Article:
The other day I was visiting with a gentleman who owns a Minneapolis duplex and is behind on his mortgage payments.
When I suggested it would be in his best interest to try to market the property as a short sale, he told me the property was already sold.
I was surprised to hear this, so I probed a little further, asking how he’d managed to get it sold and where he found a buyer. His answer?
At the sheriff’s sale.
While we’ve all watched late night infomercials suggesting buying property at a sheriff’s sale at a deep discount, that’s not the case here.
In Minnesota, sheriff’s sales are usually conducted when a lien has been placed against a property in the amount of a judgement.
When a duplex owner falls behind in mortgage payments, the foreclosure process begins. About the time he is six months or more behind, the mortgage holder will take the matter to a sheriff’s sale. By this time, all of the legal fees the lender incurred while trying to collect the debt in the previous months have been added to the amount due on the loan.
At the sheriff’s sale, the minimum bid amount is most often the total amount owed on the property, plus the accrued legal fees. late fees and penalties.
In today’s real estate market, the total is often more than the property is worth. As a result, there aren’t a lot of Carleton Sheets disciples standing on the court house steps trying to get rich.
In essence, then, the winning bidder is the bank that holds the note on the property.
From the date of the sheriff’s sale, the property owner is given a 6 month “redemption period” in which he can pay off the total amount of the lien or judgement on the duplex.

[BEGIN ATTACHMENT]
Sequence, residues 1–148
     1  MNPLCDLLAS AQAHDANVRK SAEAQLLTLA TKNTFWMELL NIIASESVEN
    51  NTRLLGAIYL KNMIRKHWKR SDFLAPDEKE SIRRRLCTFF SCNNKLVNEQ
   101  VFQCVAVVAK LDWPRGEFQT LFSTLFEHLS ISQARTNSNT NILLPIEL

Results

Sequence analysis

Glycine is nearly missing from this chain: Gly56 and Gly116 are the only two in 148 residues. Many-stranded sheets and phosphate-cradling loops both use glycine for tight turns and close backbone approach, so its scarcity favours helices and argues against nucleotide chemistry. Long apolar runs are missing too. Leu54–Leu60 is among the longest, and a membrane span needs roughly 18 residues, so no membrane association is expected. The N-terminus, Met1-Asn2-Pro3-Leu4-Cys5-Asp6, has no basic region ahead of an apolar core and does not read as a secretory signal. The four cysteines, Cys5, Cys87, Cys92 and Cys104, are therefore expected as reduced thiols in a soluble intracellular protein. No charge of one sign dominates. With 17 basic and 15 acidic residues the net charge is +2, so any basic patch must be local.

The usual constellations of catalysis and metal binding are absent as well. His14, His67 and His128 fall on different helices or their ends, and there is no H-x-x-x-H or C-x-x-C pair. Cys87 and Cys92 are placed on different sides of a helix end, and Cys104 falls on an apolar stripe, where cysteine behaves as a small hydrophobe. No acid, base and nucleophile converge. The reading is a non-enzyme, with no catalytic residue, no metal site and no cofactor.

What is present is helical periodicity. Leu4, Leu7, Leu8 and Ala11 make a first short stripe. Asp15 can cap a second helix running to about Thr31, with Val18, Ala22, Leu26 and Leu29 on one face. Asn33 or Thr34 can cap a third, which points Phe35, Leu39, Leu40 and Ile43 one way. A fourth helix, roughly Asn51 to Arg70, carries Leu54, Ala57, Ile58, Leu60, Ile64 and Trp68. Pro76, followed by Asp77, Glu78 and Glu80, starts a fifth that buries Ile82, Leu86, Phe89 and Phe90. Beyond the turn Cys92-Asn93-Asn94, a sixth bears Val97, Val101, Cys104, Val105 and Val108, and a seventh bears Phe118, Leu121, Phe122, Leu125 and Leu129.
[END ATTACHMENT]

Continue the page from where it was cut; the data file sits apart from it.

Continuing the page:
This doesn’t happen very often.
More likely, one of two things will. The home owner may choose to let the property go back to the bank through foreclosure or, he may choose to attempt a short sale.
If the rights to the property belong to the bank following the sheriff’s sale, it does not necessarily mean a Realtor can’t help the duplex owner attempt to sell the property for less, then negotiate with the bank for a settlement or short sale.
Bankers know these properties aren’t worth what people either paid or refinanced them for just a few years ago. What’s more, a foreclosure always ultimately costs them more than a short sale.
Not to mention the permanent black mark a foreclosure puts on a former property owner’s credit report.
So remember, if your property has recently sold at a sheriff’s sale, you still own it. However, you won’t for long. The choice between a having a short term credit hit (short sale) vs a long term one (foreclosure), should be easy.
Call a Realtor who’s a Certified Distressed Property Expert (CDPE) to help. There aren’t that many of us, but our numbers are growing. Each and every one of us has been trained to carry many of the burdens of imminent foreclosure for you.
And if you can’t find a CDPE and I’m not in your market, call or email me. I’d be happy to help you find one.